CHS, or cyclohexasilane (Si6H12), is an excellent Si precursor, many say the best source for the atom Si. The silicon atom has wide ranging chemical characteristics; from semiconductor chips to silicone caulk to Si oxide (glass).
Talking CHS Technology with The Coretec Group
Contributed by | The Coretec Group
Tell us about The Coretec Group and its mission.
The Coretec Group’s mission is to commercialize innovations and disruptive technologies in silicon (Si) and 3D visualization, serving advanced technology markets in support of global challenges in energy, electronics, semiconductor, solar, health, environment, and security.
The Coretec Group has really focused on CHS technology? Tell us about CHS Technology.
CHS, or cyclohexasilane (Si6H12), is an excellent Si precursor, many say the best source for the atom Si. The silicon atom has wide ranging chemical characteristics; from semiconductor chips to silicone caulk to Si oxide (glass). We have many critical materials today that owe their material performance to the silicon atom. Coretec is committed to supplying the best Si precursors for next generation advanced materials and systems, primarily focused on technology markets that need a step function in innovation to reach tomorrow’s solutions.
What benefits can this form of CHS bring to alternative energy markets?
CHS is a liquid up to 175F, which means it can enable room temperature liquid silicon precursor processing; thereby reducing processing costs. In some applications, it can enable unique material properties not achievable with other silicon precursors; which means CHS can deliver unique performance characteristics in the customers application. It starts with this: CHS is a ring of six Si atoms, all six Si atoms have two Si bonds, and the other two bonds to each Si atom are hydrogens. The silicon-hydrogen bonds in this molecular structure are weaker compared to conventional Si precursors due to the molecule’s geometry, which means it is easy to remove the hydrogen and all that is left is PURE Si. Moreover, the unique CHS structure enables preferential formation of Si structures compared to traditional materials such as silane, SiH4. A liquid Si precursor at room temperature, with an easier transformation to pure silicon are some of key advantages of CHS with the added bonus of a lower transition temperature to amorphous Si (a-Si) and crystalline Si (c-Si).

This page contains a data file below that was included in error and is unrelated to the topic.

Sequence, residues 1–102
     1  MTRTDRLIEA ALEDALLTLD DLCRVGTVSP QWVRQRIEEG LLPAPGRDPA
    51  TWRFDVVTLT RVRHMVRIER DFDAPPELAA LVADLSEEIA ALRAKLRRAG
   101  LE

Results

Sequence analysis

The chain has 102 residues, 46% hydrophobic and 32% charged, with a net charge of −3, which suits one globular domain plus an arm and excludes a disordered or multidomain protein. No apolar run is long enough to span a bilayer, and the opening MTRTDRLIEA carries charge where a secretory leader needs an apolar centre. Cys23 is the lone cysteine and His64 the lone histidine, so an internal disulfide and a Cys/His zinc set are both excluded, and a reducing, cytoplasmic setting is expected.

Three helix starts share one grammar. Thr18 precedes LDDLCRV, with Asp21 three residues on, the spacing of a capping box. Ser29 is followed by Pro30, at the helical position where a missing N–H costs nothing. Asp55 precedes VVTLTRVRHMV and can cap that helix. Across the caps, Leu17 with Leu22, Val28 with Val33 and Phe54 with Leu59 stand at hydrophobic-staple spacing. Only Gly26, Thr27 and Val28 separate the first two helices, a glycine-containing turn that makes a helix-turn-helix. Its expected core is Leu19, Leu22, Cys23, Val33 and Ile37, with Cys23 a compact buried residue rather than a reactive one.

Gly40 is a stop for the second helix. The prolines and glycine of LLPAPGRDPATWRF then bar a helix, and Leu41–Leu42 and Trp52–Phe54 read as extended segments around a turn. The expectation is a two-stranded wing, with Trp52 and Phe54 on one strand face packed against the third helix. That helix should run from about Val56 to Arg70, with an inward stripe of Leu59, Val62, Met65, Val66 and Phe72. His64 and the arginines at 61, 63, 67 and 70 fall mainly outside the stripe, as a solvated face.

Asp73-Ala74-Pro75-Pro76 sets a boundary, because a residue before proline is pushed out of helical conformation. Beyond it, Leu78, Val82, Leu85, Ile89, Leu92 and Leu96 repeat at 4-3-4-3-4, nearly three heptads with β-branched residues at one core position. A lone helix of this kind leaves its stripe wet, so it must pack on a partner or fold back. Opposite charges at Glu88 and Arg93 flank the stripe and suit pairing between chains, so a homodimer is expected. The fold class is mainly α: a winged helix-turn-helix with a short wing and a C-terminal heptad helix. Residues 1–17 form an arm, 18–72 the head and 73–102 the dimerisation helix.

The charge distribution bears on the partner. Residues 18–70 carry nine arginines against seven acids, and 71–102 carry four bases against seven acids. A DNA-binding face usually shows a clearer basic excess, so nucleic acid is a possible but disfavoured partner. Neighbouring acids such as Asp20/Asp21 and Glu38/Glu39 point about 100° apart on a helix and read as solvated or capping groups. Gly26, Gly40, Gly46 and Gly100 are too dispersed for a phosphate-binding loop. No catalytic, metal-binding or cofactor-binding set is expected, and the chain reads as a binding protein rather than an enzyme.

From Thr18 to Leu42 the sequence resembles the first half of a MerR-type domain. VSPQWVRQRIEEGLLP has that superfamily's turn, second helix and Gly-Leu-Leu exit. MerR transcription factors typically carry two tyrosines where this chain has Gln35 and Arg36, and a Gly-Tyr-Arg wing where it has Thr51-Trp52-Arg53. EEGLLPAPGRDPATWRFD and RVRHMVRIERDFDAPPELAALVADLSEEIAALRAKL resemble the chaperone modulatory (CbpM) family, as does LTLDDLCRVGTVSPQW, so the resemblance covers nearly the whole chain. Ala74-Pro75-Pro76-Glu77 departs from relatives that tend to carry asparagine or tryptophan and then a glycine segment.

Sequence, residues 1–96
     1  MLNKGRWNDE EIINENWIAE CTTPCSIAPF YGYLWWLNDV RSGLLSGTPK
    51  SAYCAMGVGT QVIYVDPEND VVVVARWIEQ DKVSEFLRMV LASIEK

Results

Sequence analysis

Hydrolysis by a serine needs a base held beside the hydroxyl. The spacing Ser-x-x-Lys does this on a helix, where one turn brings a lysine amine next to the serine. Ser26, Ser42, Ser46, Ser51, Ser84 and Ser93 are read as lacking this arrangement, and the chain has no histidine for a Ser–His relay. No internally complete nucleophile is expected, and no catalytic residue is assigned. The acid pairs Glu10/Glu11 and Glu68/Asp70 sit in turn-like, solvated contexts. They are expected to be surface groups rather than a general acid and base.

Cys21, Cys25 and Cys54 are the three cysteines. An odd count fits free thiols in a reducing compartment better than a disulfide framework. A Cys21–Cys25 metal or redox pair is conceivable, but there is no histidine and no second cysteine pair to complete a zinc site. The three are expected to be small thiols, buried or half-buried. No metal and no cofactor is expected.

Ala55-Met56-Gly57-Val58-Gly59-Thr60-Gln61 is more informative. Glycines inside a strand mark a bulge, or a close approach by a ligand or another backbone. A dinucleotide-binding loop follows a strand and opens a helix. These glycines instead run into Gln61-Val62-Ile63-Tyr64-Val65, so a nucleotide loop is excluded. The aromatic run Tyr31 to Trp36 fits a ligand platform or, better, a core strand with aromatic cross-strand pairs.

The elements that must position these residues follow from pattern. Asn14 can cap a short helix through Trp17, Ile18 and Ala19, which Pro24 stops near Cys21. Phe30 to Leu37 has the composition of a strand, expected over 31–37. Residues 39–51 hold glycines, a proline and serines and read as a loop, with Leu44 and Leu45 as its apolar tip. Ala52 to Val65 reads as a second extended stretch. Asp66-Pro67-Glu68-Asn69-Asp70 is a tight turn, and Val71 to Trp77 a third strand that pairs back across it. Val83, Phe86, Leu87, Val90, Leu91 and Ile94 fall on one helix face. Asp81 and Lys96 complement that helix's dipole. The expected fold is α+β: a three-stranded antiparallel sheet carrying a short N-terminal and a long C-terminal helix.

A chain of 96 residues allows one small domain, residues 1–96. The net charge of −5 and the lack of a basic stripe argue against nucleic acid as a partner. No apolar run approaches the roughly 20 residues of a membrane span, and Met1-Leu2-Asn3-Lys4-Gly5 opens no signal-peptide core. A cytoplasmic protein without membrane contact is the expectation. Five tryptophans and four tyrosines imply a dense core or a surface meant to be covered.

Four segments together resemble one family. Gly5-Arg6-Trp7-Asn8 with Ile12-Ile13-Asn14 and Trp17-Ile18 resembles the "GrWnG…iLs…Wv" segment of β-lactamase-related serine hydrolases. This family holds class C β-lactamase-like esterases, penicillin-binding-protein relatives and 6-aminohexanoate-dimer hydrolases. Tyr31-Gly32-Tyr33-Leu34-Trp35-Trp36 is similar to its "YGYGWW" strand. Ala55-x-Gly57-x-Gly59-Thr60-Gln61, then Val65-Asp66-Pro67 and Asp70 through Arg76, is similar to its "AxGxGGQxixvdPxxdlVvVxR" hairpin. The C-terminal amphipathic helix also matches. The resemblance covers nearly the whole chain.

This means CHS-derived Si nanoparticles have many advantages over other Si nanoparticles, AND CHS is more easily functionalized (combined with other atoms, like boron) leading to unique chemical compounds that can deliver tailored Si-materials. Better Si nanoparticles and better Si quantum dots (QDots) make better Si anode batteries, better solar cells, better LEDs, better QDots for drug delivery, and many other uses.
Tell us about the cost savings of CHS as related to energy storage.
The Energy Storage Market needs better batteries. Lithium-ion batteries can realize significant improvements in storage capacity by using Si anodes, and CHS can enable that in two ways. First in process ability; CHS can coat carbon nanoparticles as a liquid, making the coating process faster and cheaper. Second, with some unique processing, CHS can readily form Si nanoparticles which can address the issue of expansion and contraction experienced in charging and discharging Si anode lithium-ion batteries. A lithium-ion battery, however, with a Si anode has the potential to achieve a 300% increase in power density (300% more power output in same size/weight battery). We could also reduce battery weight and attain a significant increase in power. Think of an electric car battery half the size but with a 150% increase in power & distance. All other things being equal, that 200-mile EV range just turned into 500 miles.
How is The Coretec Group working to leverage this technology?
We are working with leading energy storage companies to help them take advantage of the CHS material characteristics mentioned above, as well as other innovators in the other markets mentioned that span a number of applications.
I would like to make a key point here: Coretec is not betting on which product design will win a majority of the market, as we are not a one-product, nor one-market participant. For example: there are dozens of Si anode battery designs out there, however, we are working with several of them, and anticipate there are more that will realize they need a better Si precursor. This increases our chances of being a part of the winning Si anode battery. We anticipate doing this in a similar manner for all markets which need a better Si precursor.